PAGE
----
Rangewide Connectivity and Landscape Genetic Assessment for Greater Sage-grouse

Research Project: 


Project Manager: 

Sara Oyler-McCance
Greater Sage-grouse chicks. USGS photo.
Greater Sage-grouse chicks. USGS photo.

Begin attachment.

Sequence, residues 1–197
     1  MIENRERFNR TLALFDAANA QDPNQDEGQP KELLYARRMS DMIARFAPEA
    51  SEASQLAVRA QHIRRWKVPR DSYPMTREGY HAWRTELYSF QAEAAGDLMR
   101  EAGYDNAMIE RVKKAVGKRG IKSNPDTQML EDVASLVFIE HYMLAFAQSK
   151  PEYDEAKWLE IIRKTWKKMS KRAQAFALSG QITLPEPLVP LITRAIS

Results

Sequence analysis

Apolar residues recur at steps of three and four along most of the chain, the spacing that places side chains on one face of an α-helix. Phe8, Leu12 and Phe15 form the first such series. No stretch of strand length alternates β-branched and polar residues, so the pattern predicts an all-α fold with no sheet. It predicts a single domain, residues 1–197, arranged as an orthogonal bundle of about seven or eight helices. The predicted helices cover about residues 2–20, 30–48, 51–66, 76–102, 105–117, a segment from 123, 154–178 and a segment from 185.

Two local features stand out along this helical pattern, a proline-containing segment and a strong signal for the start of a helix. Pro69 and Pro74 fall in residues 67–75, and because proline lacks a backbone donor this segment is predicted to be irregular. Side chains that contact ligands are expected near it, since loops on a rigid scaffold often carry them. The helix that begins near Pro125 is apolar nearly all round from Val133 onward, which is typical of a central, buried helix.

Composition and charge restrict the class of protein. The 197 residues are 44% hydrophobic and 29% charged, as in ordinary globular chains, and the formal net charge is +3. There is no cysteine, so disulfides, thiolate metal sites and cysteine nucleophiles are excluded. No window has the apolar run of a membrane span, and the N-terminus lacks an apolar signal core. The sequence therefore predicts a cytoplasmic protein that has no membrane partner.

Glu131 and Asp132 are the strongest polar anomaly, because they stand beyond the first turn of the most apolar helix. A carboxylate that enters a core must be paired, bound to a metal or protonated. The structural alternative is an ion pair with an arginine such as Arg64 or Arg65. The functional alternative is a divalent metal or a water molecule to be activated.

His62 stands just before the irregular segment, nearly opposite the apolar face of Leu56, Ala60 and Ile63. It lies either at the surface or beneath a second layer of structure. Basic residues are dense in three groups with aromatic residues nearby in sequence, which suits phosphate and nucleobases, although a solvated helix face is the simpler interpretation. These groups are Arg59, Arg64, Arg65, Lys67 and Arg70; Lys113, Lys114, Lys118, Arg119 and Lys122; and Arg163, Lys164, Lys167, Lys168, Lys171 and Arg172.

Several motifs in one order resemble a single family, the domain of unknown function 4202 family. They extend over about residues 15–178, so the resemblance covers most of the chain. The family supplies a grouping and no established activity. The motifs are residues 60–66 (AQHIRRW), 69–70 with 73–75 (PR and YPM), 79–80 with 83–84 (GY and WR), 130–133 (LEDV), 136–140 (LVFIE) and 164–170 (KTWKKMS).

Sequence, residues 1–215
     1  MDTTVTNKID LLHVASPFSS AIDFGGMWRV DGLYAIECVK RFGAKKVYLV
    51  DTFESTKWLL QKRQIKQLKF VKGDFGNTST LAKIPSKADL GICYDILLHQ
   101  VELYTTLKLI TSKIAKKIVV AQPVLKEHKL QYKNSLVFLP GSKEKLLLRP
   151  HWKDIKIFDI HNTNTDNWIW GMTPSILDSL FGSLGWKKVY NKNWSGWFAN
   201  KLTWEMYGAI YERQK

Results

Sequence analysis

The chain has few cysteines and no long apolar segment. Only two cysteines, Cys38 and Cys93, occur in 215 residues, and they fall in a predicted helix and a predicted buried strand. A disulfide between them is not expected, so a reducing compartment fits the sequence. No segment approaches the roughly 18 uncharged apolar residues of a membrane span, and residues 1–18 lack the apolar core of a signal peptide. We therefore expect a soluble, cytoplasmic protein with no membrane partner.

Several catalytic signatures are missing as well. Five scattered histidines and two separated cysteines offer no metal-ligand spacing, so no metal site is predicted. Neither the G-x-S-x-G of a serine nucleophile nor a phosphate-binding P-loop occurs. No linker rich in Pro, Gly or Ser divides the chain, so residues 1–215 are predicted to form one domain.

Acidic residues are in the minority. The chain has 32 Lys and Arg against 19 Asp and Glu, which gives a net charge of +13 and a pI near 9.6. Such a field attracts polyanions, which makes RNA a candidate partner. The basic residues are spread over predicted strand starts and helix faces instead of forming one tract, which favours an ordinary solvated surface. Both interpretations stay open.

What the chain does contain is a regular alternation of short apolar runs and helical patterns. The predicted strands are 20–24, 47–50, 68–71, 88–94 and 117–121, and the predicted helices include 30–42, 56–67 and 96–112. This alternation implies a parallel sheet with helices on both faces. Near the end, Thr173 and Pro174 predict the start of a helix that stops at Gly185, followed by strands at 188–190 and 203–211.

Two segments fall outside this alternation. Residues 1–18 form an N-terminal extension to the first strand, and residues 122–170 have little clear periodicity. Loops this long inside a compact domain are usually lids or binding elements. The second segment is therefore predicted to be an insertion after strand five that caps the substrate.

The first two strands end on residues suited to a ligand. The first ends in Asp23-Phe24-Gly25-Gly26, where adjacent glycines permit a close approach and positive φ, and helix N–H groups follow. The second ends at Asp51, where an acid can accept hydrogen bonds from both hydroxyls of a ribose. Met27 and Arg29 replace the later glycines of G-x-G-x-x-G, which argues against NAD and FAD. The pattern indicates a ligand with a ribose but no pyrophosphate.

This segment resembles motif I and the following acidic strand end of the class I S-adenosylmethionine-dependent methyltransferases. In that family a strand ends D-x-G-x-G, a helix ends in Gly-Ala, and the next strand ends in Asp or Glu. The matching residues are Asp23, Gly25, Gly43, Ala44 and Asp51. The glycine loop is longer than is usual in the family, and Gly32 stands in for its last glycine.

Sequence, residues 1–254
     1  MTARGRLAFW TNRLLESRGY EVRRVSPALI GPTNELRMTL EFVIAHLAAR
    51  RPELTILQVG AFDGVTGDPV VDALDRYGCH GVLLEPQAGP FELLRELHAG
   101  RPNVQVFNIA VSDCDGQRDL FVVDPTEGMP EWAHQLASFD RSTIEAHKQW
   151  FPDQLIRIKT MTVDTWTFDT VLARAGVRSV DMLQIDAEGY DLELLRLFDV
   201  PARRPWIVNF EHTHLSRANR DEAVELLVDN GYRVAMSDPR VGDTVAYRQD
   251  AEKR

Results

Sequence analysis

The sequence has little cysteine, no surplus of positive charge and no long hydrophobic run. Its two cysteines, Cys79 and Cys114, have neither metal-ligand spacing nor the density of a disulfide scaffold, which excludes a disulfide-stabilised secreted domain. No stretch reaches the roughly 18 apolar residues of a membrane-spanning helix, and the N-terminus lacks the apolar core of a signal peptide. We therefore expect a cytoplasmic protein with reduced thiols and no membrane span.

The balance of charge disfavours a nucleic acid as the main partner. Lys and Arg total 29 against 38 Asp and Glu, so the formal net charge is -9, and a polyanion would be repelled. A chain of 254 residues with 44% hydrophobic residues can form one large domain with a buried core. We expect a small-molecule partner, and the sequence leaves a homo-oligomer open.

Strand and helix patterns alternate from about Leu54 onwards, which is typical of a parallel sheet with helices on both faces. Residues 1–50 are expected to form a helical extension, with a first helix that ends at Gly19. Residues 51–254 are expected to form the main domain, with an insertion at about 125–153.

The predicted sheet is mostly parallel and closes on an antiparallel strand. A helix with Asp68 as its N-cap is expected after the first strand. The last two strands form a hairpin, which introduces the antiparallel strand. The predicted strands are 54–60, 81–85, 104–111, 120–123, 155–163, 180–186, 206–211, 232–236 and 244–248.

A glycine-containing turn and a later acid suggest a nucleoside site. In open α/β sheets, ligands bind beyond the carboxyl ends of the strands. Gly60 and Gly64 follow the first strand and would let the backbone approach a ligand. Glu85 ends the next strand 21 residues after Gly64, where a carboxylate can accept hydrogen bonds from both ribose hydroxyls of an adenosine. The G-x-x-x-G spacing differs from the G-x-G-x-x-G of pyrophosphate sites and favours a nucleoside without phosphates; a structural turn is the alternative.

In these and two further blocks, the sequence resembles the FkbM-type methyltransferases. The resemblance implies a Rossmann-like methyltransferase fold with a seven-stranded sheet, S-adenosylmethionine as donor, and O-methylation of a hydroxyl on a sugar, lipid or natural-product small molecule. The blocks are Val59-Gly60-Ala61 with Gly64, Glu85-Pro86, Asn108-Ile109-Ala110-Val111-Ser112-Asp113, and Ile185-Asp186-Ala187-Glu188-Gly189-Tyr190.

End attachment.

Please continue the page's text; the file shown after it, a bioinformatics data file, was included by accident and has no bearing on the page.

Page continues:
Greater Sage-grouse consist primarily of a few large core populations surrounded by numerous small populations. The viability of these small populations is sustained by dispersing individuals from neighboring populations.  Development that causes habitat loss or creates barriers to dispersal between core areas restricts movements important to maintain genetic diversity, augment small populations, or recolonize extirpated populations. The goal of this study is to assess connectivity among core areas, and to identify features that may act as barriers to movement.  In addition to defining populations and assessing connectivity, this study uses genetic approaches to address many other relevant questions including the conservation of genetic diversity, the impacts of inbreeding, and the association among landscape and geographic characteristics, habitats, and genetics. This research is in collaboration with USGS, USFS, and the University of Montana and is supported by Natural Resources Conservation Service, USFWS, and 11 US state fish and wildlife agencies.